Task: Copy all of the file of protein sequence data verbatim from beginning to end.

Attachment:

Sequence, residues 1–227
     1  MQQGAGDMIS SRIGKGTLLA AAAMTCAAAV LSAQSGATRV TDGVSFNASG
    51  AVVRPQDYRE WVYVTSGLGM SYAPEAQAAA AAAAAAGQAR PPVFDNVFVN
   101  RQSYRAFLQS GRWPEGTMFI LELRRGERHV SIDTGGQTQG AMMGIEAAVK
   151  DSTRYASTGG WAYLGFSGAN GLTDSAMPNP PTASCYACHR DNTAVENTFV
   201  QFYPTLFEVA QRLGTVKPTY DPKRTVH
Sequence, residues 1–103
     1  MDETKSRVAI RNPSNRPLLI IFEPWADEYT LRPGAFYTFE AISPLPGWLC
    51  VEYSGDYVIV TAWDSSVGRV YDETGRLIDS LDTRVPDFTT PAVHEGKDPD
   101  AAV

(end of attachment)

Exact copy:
Sequence, residues 1–227
     1  MQQGAGDMIS SRIGKGTLLA AAAMTCAAAV LSAQSGATRV TDGVSFNASG
    51  AVVRPQDYRE WVYVTSGLGM SYAPEAQAAA AAAAAAGQAR PPVFDNVFVN
   101  RQSYRAFLQS GRWPEGTMFI LELRRGERHV SIDTGGQTQG AMMGIEAAVK
   151  DSTRYASTGG WAYLGFSGAN GLTDSAMPNP PTASCYACHR DNTAVENTFV
   201  QFYPTLFEVA QRLGTVKPTY DPKRTVH
Sequence, residues 1–103
     1  MDETKSRVAI RNPSNRPLLI IFEPWADEYT LRPGAFYTFE AISPLPGWLC
    51  VEYSGDYVIV TAWDSSVGRV YDETGRLIDS LDTRVPDFTT PAVHEGKDPD
   101  AAV